A number of artists, including Lucinda Williams, Tracy Bonham and Tegan & Sara, have recorded beloved old albums recently. But James Mercer is the first to do it with his most recent one. He re-imagines each song on 2017's Heartworms, flipping the running order and, in most cases, roughing up the sound. Heartworms often suggested Brian Wilson teaming up with Hall & Oates in a Portland home studio. The Worm's Heart opens with "The Fear – Flipped," which sounds like the Velvet Underground, then moves on to the loose reggae of "Half a Million – Flipped" and the excellent "Mindenhall – Flipped," the latter of which evokes Jerry Lee Lewis' 'Great Balls of Fire" via the Clean's "Tally Ho." As always, Mercer's seemingly bottomless tune-machine talent holds it all together. Jon Dolan
Hear: Amazon Music Unlimited | Apple Music | Spotify | Tidal

Laraaji, Vision Songs, Vol. 1
Leave it to the rarity-hunters and eccentricity embracers at Numero Group to find and champion the oddity in this zither-playing ambient icon's shimmering oeuvre. In the recent explosion of private press new age reissues, it feels like no one has gotten more love than Laraaji – his 1980 Brian Eno-produced debut re-released by Glitterbeat, the longform pieces of 1984's Celestial Vibrations via Soul Jazz, two cassette box sets via Stones Throw's Leaving Records and an appearance on Light in the Attic's scene-defining I Am the Center compilation. However, Vision Songs, originally a self-released cassette issued by the busking musician in 1984, showcases him in singer-songwriter mode. The drones and zither glow are still present, but are joined with a tiny Casio for tunes reminiscent of everything from James Taylor's tender folkie tunes to Talking Heads' stiff new wave to the minimal post-punk of bands like Flying Lizards. Christopher R. Weingarten
Hear: Amazon Music Unlimited | Apple Music | Bandcamp Spotify | Tidal

Caitlyn Smith, Starfire
Smith, a 31-year-old singer-songwriter who's written hits for Meghan Trainor and Lady Antebellum among others, steps out on her own with this excellent debut. Smith's own voice is strikingly potent, easily as big and versatile as any of the Nashville stars she's worked with. On "St. Paul" she sings about being 17, driving from her native Cannon Falls, Minnesota to her first little big town ("listening to the same three Wilco tracks") and sneaking drinks at a local punk club, while the acoustic "This Town Is Killing Me" surveys her struggles while trying to make it as an artist, including missing her grandfather's funeral because she had to tour. The LP ends with "Cheap Date," a sweet, funny piano come-on about forgoing the scene downtown to order Chinese and make out on a couch: "Think of all the money we'll save," she sings. It's the perspective that comes from living a little before you get your shot. Jon Dolan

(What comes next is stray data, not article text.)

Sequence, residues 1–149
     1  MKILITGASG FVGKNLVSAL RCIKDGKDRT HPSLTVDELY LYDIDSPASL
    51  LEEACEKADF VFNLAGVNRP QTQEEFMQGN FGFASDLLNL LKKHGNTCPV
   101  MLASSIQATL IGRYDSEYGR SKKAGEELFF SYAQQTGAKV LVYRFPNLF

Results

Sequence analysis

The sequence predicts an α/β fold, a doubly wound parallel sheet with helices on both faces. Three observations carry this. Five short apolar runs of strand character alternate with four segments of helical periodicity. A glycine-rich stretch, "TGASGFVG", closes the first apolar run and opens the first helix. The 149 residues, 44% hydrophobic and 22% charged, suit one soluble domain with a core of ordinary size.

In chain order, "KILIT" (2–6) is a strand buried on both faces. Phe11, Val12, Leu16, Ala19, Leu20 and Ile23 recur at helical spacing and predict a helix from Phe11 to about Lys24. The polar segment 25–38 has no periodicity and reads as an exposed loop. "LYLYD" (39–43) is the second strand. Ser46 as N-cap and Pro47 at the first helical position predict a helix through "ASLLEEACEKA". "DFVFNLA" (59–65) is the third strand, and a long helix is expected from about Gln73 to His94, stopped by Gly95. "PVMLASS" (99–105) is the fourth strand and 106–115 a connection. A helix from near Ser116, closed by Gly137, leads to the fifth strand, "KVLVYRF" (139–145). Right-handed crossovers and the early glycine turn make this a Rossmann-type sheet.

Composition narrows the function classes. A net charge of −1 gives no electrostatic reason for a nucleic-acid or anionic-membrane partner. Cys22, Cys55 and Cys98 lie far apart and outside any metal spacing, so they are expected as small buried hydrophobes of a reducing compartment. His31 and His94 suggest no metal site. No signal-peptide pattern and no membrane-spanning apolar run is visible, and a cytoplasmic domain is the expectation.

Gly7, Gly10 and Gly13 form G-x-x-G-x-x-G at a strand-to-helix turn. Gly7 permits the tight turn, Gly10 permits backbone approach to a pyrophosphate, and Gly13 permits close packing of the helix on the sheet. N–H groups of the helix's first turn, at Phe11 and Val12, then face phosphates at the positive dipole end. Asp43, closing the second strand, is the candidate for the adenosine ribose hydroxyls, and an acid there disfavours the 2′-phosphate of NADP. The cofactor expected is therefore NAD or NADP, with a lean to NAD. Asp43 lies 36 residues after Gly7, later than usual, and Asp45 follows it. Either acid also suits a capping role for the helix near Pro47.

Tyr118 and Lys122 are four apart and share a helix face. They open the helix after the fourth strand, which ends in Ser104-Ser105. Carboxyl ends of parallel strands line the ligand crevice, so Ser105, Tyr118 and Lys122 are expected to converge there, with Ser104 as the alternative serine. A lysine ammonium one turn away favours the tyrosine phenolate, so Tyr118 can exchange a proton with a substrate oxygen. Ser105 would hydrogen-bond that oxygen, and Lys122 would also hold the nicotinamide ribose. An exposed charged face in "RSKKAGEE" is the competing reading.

Hear: Amazon Music Unlimited | Apple Music | Spotify | Tidal

Shopping, The Official Body
Twenty-first century malaise hangs in the background of this British trio's third album: "Where will I go/to find some peace?" guitarist-vocalist Rachel Aggs wails over skittering guitars on the malcontented "Asking for a Friend," while the stomping "Discover" underscores Andrew Milk's petulant assertion "I'm not lonely/I'm fine" with a menacing bassline that hints at below-the-surface tumult. Shopping pairs their stinging critiques of a frosty world with jubilant, taut disco-punk, augmenting their shout-along rallying cries and jumpy guitars with touches of synth bass and programmed drums. Wiry and urgent, The Official Body offers vibrant, chaotic catharsis at an ideal moment. Maura Johnston
Hear: Amazon Music Unlimited | Apple Music | Bandcamp Spotify